I have barely scratched the surface in trying to teach my three-year-old all of the different Montessori methods, and yet I’m already seeing progress. The video below is very informative about the Montessori language program, and is part of what inspired me to go ahead and try and teach her how to read (something I previously hadn’t realized as a possibility at her age). I have been surprised at how interested she has been with learning letters, letter sounds, and words. All day long she goes around sounding out simple words, and a lot of times makes up her own goofy spellings (and thinks it’s hilarious). In the video, it is mentioned that younger children, around 3-years-of-age, are actually in their prime to introduce the concept of reading. This is because at this age children have “absorbent minds”, and desire to repeat things over and over (a key to learning).

Anyway,  you’ll notice that in the video the children are taught cursive handwriting. I don’t intend to begin by teaching my children cursive, but I definitely think it should still be introduced in schools. The particular Montessori classroom in the video looks wonderful. I wish I could send me daughters there!

children & paint are like peas & carrots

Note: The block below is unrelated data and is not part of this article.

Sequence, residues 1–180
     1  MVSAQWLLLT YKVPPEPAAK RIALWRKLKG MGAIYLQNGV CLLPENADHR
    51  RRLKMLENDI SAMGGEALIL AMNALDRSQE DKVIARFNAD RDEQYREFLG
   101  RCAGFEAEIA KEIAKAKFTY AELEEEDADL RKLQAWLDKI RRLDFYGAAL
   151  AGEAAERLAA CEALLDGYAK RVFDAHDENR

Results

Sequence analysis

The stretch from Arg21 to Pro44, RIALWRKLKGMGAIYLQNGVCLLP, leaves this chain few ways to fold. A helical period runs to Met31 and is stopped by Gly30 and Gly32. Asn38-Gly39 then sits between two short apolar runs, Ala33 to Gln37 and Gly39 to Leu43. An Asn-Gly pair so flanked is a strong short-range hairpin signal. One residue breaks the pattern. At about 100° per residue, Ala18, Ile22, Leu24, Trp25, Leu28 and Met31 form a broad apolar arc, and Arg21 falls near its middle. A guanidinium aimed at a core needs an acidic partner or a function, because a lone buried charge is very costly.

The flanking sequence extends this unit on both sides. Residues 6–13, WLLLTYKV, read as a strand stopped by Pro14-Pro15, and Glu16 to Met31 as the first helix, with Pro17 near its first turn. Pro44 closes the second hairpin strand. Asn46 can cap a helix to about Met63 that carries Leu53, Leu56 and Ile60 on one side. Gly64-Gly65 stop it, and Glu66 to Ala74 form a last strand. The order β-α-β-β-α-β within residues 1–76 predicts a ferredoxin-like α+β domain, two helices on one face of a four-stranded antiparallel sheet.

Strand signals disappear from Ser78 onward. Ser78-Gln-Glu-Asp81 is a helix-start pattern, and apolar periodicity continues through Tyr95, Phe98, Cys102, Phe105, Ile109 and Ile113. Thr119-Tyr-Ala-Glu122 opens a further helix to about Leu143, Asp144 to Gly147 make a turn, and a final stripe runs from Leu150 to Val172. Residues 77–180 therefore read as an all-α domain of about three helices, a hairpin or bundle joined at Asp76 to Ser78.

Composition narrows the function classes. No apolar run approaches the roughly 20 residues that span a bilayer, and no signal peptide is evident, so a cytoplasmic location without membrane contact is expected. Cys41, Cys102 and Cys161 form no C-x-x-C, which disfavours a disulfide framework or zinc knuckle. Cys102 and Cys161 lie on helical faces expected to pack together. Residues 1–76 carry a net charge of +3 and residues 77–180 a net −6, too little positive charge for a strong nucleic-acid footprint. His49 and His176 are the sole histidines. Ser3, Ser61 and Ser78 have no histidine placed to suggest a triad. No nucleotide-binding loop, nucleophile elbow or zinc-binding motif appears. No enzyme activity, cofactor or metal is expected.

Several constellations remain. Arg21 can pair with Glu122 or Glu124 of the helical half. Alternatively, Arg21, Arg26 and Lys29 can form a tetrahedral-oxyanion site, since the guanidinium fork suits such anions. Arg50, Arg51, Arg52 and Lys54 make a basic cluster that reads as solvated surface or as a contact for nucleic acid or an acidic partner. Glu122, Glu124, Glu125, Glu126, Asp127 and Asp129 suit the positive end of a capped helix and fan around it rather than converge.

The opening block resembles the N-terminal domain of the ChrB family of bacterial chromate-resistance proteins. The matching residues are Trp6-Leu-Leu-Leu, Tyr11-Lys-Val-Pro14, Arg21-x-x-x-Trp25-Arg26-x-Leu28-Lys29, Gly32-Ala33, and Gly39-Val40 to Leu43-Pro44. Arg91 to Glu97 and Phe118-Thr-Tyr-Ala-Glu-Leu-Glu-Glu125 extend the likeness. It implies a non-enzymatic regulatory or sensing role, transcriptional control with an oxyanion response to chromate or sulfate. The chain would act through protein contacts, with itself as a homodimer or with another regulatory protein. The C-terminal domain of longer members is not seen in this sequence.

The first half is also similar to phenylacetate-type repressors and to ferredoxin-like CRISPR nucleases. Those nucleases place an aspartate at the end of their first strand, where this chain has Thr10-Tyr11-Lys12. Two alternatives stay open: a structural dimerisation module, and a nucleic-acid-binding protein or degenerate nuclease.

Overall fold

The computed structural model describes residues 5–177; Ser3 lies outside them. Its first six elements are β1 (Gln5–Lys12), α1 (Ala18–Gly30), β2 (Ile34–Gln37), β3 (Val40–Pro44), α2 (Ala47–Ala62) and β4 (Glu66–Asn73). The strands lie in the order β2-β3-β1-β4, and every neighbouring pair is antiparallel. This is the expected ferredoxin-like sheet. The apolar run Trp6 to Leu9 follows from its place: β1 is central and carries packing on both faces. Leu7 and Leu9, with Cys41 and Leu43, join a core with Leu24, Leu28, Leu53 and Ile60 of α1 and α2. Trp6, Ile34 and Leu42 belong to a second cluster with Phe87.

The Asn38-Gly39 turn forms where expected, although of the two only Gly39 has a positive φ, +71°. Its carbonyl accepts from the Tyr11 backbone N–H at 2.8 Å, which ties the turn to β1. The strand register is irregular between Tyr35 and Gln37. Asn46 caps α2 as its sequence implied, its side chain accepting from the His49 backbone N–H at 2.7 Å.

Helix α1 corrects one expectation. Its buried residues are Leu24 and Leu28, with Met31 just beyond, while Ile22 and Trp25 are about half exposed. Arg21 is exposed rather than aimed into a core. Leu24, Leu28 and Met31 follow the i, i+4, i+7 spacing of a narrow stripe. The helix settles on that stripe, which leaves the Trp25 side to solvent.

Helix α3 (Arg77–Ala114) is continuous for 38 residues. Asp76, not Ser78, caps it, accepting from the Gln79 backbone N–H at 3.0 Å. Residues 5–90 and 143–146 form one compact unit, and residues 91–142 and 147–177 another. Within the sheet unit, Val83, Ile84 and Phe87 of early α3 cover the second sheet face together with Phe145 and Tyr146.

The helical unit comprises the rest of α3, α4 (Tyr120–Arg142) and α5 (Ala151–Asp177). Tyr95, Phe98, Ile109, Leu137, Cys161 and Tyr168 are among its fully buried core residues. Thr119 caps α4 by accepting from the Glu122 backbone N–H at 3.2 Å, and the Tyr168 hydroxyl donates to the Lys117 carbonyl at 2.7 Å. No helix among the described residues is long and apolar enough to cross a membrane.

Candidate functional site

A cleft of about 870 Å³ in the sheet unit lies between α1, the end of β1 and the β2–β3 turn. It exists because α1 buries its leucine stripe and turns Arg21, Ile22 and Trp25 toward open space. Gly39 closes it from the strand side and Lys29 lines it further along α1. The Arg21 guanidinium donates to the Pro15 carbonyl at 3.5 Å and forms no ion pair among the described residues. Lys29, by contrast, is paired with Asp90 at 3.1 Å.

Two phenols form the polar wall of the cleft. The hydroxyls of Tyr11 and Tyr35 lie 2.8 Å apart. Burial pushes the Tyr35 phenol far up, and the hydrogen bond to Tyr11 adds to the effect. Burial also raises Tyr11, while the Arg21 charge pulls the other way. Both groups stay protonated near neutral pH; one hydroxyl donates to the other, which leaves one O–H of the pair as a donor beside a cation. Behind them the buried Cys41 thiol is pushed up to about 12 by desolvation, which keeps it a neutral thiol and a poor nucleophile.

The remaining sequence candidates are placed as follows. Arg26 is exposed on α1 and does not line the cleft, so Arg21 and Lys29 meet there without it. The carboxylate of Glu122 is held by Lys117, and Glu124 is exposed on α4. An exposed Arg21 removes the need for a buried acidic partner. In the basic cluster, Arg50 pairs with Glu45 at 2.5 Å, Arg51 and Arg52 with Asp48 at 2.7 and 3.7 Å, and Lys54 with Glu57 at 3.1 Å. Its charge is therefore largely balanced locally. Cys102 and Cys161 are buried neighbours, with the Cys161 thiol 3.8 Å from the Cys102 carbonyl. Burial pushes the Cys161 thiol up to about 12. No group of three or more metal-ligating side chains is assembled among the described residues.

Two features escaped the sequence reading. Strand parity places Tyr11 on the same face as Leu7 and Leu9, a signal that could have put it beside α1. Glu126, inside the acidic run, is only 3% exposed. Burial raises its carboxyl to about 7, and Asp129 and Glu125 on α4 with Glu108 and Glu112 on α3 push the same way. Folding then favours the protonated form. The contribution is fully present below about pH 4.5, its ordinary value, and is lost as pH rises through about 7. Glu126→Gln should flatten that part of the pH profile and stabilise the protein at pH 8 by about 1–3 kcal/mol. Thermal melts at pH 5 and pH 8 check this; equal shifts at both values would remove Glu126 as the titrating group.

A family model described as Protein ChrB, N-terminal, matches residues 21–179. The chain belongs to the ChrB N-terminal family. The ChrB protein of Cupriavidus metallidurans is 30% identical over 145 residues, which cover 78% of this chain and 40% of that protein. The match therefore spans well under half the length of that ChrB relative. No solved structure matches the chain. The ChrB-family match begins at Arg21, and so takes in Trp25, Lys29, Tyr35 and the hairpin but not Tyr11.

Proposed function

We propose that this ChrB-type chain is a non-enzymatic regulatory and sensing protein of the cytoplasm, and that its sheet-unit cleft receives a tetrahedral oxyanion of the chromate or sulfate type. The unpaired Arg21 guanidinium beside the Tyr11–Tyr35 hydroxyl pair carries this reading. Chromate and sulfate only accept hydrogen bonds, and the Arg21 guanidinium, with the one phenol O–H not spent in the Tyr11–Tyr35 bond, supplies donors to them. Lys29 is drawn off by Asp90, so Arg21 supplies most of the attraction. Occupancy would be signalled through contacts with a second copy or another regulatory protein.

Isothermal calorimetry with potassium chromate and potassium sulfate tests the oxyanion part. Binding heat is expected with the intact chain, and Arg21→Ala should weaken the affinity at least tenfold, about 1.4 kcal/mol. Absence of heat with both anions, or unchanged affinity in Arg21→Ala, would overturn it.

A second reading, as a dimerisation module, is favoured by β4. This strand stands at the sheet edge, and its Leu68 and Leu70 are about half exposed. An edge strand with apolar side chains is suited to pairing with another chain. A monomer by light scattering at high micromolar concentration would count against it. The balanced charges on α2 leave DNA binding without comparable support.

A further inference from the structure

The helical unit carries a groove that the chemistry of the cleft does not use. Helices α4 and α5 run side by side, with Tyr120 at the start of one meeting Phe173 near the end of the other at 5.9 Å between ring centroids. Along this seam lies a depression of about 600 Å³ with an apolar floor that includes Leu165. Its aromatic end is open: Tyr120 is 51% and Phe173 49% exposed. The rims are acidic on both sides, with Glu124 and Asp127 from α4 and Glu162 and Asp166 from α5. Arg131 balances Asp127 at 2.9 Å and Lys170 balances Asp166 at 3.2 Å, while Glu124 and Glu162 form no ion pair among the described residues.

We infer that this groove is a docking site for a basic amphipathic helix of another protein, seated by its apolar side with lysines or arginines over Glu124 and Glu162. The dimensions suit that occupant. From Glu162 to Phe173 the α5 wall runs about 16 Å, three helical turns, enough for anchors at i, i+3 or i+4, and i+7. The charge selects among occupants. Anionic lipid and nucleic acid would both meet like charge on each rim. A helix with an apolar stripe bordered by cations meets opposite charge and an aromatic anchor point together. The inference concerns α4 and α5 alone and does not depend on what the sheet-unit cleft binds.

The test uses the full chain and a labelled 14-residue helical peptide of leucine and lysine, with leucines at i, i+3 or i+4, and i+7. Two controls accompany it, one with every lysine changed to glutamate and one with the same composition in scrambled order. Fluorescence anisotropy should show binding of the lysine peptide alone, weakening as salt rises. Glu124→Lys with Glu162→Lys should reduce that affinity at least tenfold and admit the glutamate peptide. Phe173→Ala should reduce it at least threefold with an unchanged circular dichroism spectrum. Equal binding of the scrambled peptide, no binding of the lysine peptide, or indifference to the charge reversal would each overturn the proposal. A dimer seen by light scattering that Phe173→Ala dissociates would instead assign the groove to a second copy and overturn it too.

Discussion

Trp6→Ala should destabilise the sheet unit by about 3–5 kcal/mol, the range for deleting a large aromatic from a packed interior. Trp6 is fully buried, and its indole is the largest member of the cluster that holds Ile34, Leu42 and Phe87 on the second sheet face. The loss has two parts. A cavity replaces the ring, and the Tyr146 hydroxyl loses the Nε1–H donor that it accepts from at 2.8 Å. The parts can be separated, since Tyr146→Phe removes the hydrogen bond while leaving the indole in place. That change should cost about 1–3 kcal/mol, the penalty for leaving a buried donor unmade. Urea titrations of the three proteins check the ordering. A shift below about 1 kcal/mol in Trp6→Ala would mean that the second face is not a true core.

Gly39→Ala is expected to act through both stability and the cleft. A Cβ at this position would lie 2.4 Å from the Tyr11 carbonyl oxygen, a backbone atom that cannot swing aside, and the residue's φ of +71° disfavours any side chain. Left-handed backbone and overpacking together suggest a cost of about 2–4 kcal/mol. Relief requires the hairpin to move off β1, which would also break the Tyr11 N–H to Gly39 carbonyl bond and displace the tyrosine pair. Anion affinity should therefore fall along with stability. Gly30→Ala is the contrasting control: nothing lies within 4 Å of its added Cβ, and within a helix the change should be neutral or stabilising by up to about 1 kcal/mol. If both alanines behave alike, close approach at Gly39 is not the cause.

In the photo above, my daughter is painting from a booklet that has the ready-to-go paints on each page. She has a  basic watercolor set, but these paint booklets are sort of a novelty for kids. I first introduced watercolors to my daughter when she was a lot younger, maybe two-years-old, and it took a lot of explanation. Now that she’s almost three-and-a-half she has no trouble at all using the watercolors by herself.

less messy painting


Here she is using the do-a-dot art paint pen set. These were a gift to her so I’m not sure where they were purchased. Probably most craft stores carry them, or try Amazon. These are great because sometimes I don’t have the time nor the energy to get out finger paints (which she needs help cleaning up afterwards), but she still can get her paint kicks out.



She also has fun with this activity because of the little bottles and the caps that need to be screwed on and off. It sort of duals as a fine motor development exercise with all of the unscrewing of the caps. And she has fun sorting the bottles together. Anything that requires coordination and concentration is preparing her for later being able to excel in the classroom. It all counts!

~Thanks for reading~

penmanship with a preschooler


I found this dry erase writing board (cardboard, more like it) at our local Dollar Store. It is great to introduce writing in between lines and such (AKA penmanship). At this stage, it isn’t a huge deal that I teach my three-year-old how to write with perfect penmanship, though. Just sort of fun… or, interesting… to introduce. 😉